And Show Them How to Run Casinos

July 10, 1907
Los Angeles

Among the features of an educational conference being held in Los Angeles is a group of Native American students brought by Francis E. Leupp, the commissioner of Indian Affairs.

A Times editorial praised Leupp, saying: “He appears to be guided by great common sense and good judgment while actuated by a sincere affection and regard for the noblest savage race that ever inhabited the Earth.”

In a speech to the conference, Leupp said Native Americans had been misunderstood on the East Coast as well as in the West. “In the East, the Indian is regarded as a perfect being who should have everything he wants while in the West the disposition has been to treat him like a dog. Neither view is just to the Indian. He surely has his faults but at the same time he is far from being the hopeless creature that many have painted him to be.”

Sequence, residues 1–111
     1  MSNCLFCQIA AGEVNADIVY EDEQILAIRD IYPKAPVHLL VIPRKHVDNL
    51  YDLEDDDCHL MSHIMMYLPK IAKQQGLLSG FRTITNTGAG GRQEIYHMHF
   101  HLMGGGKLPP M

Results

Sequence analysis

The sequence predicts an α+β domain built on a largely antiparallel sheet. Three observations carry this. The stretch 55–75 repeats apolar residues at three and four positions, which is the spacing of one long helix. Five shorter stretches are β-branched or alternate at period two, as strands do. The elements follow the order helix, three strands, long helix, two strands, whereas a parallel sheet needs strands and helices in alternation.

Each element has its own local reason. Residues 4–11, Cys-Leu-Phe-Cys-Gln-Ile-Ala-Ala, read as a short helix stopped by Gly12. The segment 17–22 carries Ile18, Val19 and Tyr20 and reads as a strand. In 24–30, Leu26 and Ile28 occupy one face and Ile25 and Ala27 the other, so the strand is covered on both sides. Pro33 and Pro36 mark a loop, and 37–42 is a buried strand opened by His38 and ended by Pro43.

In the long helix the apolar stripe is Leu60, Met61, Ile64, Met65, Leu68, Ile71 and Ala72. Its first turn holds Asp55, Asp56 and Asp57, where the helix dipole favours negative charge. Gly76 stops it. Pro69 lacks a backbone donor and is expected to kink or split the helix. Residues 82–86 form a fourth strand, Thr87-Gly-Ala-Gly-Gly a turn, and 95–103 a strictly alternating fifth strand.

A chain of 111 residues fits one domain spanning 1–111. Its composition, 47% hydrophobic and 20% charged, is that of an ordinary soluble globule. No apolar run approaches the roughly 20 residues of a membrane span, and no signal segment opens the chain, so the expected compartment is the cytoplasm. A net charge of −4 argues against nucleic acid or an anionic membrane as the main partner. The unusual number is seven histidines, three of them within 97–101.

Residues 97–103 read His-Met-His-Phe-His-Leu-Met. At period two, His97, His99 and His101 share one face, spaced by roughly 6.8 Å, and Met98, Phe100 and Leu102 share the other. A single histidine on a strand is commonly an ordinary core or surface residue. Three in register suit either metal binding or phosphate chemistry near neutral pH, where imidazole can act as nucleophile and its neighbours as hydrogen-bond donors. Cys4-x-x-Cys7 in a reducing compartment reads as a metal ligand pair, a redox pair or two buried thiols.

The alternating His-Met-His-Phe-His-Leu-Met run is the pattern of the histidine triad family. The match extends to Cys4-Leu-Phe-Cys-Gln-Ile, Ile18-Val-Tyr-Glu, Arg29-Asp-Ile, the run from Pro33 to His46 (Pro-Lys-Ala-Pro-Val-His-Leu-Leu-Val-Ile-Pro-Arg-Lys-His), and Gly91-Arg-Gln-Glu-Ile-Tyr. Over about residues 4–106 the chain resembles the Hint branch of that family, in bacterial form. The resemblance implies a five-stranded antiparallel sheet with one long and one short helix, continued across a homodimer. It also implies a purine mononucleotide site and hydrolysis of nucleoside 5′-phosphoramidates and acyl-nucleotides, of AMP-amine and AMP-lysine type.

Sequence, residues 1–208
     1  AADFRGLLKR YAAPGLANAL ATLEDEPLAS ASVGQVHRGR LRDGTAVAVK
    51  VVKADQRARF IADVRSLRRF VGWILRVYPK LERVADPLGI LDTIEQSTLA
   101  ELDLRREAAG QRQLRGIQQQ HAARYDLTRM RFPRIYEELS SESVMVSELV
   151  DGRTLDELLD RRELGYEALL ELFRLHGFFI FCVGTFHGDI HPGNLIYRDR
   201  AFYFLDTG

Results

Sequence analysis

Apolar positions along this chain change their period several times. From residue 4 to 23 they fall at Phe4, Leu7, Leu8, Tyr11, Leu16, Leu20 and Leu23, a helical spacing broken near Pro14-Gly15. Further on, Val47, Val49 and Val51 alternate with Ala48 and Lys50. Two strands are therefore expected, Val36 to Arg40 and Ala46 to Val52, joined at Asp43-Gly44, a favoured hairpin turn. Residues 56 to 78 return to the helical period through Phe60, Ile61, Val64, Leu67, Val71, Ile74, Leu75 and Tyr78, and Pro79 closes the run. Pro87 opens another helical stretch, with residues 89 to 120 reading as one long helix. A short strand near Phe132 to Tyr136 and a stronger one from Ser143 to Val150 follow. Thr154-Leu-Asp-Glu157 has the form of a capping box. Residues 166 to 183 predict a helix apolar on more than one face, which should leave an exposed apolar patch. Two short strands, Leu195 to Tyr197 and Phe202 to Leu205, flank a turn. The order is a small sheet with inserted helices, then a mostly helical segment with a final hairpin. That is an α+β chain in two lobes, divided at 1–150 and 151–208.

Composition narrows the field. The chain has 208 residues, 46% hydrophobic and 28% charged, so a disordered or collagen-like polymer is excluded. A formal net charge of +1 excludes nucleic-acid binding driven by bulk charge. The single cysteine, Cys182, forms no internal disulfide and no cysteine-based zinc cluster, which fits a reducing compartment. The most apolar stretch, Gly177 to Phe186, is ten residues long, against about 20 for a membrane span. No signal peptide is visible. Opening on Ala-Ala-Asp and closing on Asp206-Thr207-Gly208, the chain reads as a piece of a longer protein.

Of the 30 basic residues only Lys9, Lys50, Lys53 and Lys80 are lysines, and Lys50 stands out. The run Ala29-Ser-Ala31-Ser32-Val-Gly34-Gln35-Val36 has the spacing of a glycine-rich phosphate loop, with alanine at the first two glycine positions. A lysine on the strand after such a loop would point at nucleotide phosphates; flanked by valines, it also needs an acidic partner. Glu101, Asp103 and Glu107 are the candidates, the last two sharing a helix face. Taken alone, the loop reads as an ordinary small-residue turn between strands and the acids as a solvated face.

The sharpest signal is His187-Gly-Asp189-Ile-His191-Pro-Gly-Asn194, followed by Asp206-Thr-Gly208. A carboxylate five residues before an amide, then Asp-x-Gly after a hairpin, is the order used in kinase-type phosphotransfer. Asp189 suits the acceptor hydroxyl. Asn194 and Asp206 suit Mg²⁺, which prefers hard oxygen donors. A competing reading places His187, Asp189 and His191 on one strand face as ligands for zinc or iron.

Not that Native Americans should be coddled, as shown in the excerpt, above right. Apparently The Times endorsed some governmental “tough love” with Indian nations.

The Times praised the current treatment of Native Americans after years of brutality and neglect, saying: “As a nation, we must rejoice in what is being done for our red brethren. The disgrace of a century of dishonor bids fair to be erased as far as may be by the century of honor and justice in the dawn of which we now stand.”

Native American joke: BIA stands for “Boss Indians Around.”

About lmharnisch

I am retired from the Los Angeles Times
This entry was posted in 1907, Black Dahlia, Books and Authors, Education, LAPD, Native Americans, Streetcars. Bookmark the permalink.

Leave a Reply

Fill in your details below or click an icon to log in: Logo

You are commenting using your account. Log Out /  Change )

Google photo

You are commenting using your Google account. Log Out /  Change )

Twitter picture

You are commenting using your Twitter account. Log Out /  Change )

Facebook photo

You are commenting using your Facebook account. Log Out /  Change )

Connecting to %s

This site uses Akismet to reduce spam. Learn how your comment data is processed.